The Margin of Error            

I didn’t stay in my retail buyers position for very long, mostly because I got tired of only dealing with the same half dozen people every single day. I moved to a sales position for an online company, but could only deal with CLICK HERE as my sales pitch for so long. Eventually I made my way over to selling insurance, as any salesman worth his salt has done at least once. I made it through that career for about a year before I had to leave before the tarnish on my soul became too noticeable. Eventually I made my way to electronics sales for a well established company. This was working on the other side of the table from my former buying position, and I won’t lie and say that it wasn’t an exciting proposition right off the start.

A benefit to being on the other side of the position you used to be in, is that you know almost every trick that the person on the other end is going to pull, and where you can go for information that either supports their claim, or outs them as frauds. Unfortunately for them, a lot of people chose the fraud route, which is what I meant before when I said that the truth can be your most valuable weapon. You see, when you’re caught in a lie in sales, you have a certain amount of relenting that needs to be made up for, which can seriously cut into your profits. As long as you remain honest, and that honesty holds up to scrutiny you still have firm footing when it comes to negotiation.

After a while I began to make a name for myself in the sales market as dealing with these exact people played right into my hands. I had various nicknames floating around regarding my skills, most being some derivative of psychic, when in fact it just came from knowing what the other person was going to say off of experience, not off some divine power. Yet, having that type of reputation also works in your favor when it comes to sales, as most people are less willing to haggle with you if they think you’re a medium of some sort.

There are a million other tips and tactics that I could share with you here in order to help you progress in your sales career, but I think the easiest and most honest way to surmise it all would be to say that unless you feel the passion that comes with the job, you should look elsewhere. There are many similar careers that offer a lot less stress and room for failure. You need to know who you are, what you’re comfortable with, and whether or not you’re willing to make some compromises. This is by no means a judgement of character, but a plain truth from someone who has been there for a while, the tarnish will form one way or another, but you get to control how much that is.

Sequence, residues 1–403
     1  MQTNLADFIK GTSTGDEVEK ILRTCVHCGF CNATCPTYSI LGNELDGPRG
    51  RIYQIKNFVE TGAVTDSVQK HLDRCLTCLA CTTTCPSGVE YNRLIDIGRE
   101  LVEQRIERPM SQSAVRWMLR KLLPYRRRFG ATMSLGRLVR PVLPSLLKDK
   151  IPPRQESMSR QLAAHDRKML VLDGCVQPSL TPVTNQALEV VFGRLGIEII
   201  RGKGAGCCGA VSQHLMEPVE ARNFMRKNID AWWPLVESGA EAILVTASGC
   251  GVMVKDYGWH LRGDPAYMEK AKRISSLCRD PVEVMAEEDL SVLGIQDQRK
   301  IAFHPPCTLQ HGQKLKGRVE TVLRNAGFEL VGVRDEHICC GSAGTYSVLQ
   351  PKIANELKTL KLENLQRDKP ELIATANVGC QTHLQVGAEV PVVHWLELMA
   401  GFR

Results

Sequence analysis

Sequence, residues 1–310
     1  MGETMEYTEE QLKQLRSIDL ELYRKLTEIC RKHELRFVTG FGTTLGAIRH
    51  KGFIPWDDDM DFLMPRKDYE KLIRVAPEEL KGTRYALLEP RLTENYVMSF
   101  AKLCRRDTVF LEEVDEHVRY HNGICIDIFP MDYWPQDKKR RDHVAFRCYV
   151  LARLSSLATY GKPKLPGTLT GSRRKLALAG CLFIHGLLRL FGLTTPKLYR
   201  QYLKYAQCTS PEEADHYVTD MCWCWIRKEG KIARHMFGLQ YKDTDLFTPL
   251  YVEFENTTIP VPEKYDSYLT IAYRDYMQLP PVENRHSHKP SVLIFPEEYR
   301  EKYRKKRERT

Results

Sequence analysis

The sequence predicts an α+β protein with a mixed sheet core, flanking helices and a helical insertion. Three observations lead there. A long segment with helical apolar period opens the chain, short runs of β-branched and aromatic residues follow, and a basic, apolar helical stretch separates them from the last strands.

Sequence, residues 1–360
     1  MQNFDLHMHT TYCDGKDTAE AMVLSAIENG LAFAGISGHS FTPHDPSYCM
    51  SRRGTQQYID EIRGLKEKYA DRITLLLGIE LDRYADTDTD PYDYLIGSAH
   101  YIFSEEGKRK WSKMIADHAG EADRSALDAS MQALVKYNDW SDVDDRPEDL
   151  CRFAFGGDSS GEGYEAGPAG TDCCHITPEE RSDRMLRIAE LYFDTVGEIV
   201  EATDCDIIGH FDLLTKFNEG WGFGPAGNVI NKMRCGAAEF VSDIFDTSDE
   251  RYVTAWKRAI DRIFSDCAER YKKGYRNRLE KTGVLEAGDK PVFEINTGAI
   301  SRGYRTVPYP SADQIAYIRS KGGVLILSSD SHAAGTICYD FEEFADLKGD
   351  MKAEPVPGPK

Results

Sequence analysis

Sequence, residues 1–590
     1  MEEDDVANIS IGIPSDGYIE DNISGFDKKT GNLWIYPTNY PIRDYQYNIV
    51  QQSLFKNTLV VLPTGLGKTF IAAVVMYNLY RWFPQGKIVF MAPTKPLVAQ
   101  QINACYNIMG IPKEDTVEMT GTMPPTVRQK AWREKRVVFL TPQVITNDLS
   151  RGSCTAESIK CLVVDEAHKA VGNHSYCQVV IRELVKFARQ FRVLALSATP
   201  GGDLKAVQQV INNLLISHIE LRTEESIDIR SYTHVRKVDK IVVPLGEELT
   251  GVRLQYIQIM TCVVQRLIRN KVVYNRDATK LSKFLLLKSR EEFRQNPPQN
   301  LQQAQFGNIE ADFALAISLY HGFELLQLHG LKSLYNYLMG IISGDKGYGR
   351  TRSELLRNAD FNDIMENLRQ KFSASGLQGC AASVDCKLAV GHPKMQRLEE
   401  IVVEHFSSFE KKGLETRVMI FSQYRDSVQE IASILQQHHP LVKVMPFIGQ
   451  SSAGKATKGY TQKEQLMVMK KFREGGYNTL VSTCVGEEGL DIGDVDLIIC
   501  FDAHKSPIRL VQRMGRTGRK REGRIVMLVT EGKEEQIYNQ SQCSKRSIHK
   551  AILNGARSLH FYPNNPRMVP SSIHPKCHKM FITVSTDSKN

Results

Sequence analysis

First Figures            

I didn’t start off my career as a direct salesman per se, but rather working in retail. It could be made to argue that the two jobs are quite similar, and while they do share some similar groundwork, there is a much larger degree from suggestive selling, to outright sales. The person selling you your computer is a suggestive seller, while the person buying the computers from a manufacturer for your company to sell, is actually in sales. There are many more little intricate differences but that isn’t the point of this flashback. You see, I worked for an office supply chain, which catered to mostly other businesses. When you get your start by selling things to other sales people, you cut your teeth pretty quickly.

While we did do some price negotiation on the floor, it was very minimal and usually only in the single digit percentage, when I moved up a position to become a buyer for our company, I got to really get my feet wet in large scale negotiation. This was a point where I got to start talking figures in the six digit range for particular suppliers, and when it came time to work on what we called return to vendor items, then the haggling got right cut throat. This allowed me to learn the fine aspect of give and take when it came to buying and selling. If you don’t have the capability to do so, your tenure in sales isn’t going to last long.

Much like stated in The Gambler, you need to know when to walk away, and sales is no different. You can actually turn the tide on a sale really well if you know when to bluff walking away, but you also run the risk of having your bluff called and walking away with nothing. Knowing the person across the bargaining table from you is key, and knowing what you can get away with in the realm of a bluff is paramount. You will often see this tactic employed in car sales, for the buyer, or seller to feign leaving the deal on the table.

In my growth in sales there were many times that I had to play this card, and it worked about as well as flipping a coin on the matter. No matter who you’re dealing with, there is always a sway room where they feel that their end of the stick is simply too short, and no matter what you attempt, your ruse will get called. Mastering this art can be one of the first steps in mastering sales, but in truth, I find that being honest, even when you’re trying to be dishonest is one of the best skills a salesman can have. What I mean by this is that even if you’re not speaking the outright truth, as long as you’re speaking your truth with conviction, the mark will know it. This will greatly increase you’re chance at productive sales, for you at least.